Library gets verse about early HB
A collection of verse about early Hawke’s Bay has been given by its author, Mrs Elizabeth M. Nelson, to the Hastings and Havelock North Public Libraries.
Under the title of “The Ghost of Danvers Paddock” Mrs Nelson recounts many glimpses of Hawke’s Bay’s early years.
Mrs Nelson, herself, is a member of a well-known family in Hawke’s Bay.
Her husband, Mr George Nelson, was a civil engineer and authority on river control, and also the surveyor of Napier South. He gave Keirunga Garden to Havelock North.
His father was William Nelson, founder of Nelson’s Freezing Works.
Danvers Paddock itself has a long history. It was owned by the Danvers brothers, who were listed as owning property adjoining Te Mata Rd in 1860.
Mrs I. E. Nolan in her book “Our Village, Our Story,” written for the Havelock North Borough Council, says in the early days of the Town Board the Karituwhenua Creek was known as Danver’s Creek, especially where it crosses Te Mata Rd to run under St Hill’s Lane.
Danvers Paddock, now the domai,n was the site of the first Hawke’s Bay show, held on October 14, 1863.
Mrs Nolan records B. D. Danvers gave the paddock for a “nominal fee.”
Alfred Thornton Danvers, the other brother, was a veterinary surgeon, who moved from Havelock North in 1880 and had his surgery and home at Southland Rd, Hastings.
He was secretary of the Napier Park Racing Club for many years and handicapper for the Gisborne and Wairoa clubs.
Mrs Nelson describes this first show:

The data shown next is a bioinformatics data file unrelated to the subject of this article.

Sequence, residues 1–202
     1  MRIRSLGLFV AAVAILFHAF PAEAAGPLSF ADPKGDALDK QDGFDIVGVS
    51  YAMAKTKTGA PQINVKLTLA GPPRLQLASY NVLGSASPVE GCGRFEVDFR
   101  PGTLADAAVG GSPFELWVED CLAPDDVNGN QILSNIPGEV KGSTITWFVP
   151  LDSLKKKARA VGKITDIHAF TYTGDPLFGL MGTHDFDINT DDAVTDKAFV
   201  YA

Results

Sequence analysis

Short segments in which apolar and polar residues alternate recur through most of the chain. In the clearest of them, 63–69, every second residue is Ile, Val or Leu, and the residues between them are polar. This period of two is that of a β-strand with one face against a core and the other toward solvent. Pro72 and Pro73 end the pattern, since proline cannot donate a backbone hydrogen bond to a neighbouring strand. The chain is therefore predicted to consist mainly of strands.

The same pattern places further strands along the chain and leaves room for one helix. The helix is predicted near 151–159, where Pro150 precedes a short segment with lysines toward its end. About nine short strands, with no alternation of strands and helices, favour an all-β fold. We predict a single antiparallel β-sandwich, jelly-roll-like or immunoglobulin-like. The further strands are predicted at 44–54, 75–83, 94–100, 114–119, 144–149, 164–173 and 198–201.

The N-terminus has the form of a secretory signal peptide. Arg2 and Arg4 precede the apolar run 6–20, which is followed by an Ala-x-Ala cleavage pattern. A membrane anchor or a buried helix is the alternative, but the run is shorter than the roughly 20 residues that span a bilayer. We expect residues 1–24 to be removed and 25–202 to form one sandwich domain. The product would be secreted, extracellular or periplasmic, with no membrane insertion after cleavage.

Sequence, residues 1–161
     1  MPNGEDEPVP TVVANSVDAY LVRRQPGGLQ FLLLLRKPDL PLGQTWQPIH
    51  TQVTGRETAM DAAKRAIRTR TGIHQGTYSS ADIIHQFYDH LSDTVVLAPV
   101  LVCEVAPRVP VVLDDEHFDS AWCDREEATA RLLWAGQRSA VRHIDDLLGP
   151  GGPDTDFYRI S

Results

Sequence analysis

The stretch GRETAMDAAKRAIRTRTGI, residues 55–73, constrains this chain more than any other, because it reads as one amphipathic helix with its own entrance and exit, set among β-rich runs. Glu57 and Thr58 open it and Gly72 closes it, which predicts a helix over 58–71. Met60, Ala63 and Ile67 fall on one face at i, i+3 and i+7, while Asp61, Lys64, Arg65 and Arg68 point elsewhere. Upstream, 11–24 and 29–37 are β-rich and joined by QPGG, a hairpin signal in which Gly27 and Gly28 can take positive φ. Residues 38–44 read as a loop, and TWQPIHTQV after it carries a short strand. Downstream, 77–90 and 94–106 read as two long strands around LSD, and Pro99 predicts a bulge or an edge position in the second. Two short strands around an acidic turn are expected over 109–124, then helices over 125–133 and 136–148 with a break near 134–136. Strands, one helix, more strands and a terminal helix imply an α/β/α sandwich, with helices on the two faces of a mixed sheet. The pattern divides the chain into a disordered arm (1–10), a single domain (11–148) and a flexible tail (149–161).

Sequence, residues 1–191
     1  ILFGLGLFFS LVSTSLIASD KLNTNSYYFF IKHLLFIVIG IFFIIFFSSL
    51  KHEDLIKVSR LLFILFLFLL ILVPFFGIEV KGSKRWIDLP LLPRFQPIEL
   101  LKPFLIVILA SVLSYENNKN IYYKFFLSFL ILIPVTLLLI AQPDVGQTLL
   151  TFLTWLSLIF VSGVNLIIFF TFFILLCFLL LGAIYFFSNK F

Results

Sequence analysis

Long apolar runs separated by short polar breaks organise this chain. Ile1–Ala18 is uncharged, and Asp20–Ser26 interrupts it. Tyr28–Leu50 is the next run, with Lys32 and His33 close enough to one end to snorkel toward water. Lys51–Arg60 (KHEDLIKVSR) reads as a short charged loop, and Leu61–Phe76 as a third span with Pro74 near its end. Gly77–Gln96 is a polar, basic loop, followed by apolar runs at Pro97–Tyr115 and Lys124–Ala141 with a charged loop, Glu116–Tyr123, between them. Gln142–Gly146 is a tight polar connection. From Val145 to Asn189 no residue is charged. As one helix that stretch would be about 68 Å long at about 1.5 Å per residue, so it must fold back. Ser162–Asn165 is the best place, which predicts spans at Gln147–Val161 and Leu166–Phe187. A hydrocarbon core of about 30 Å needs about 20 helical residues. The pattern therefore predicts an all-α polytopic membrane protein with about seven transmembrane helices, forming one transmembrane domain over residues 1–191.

“And near the tents
The exhibits and implements
And the sole mechanical device,
A trolly – that in a trice
Could lift right up on to a dray
A bale of wool or truss of hay;
The people saw a ribbon’s gleam
Royal-ing a plowman’s team.”
In the collection are many references to the ‘‘big bush.” Notes accompanying the verse say that the “big bush” was Pakiaka, 100 acres of native trees at Managateretere [Mangateretere] .
She explains that her father-in-law, William Nelson tried to buy it, to preserve, but failed and it was cut down.
The loss she felt is obvious from this extract:
“The big bush of the plain is not
No birdsong hovers o’er the spot,
Alas! it’s loveliness was shorn
From generations yet unborn.”
Mrs Nelson covers many aspects of Hawke’s Bay life in her verse, including the arrival of the mails at Port Ahuriri aboard ‘‘white-winged” ships, the races, fires, floods and earthquakes.
In all her verse she strays from the strictly factual to add something more.
She says of the race. –
“The boys would thrill with sly delight
When a sudden shower, a fight,
Ringed with friends to see fair play,
Would douse the lively days.”
Mrs Nelson wrote for many years simply for pleasure, but the history she has recorded in the collection is valuable.
Its presentation to the libraries in a type-written and bound form will insure it is not lost among a pile of old papers.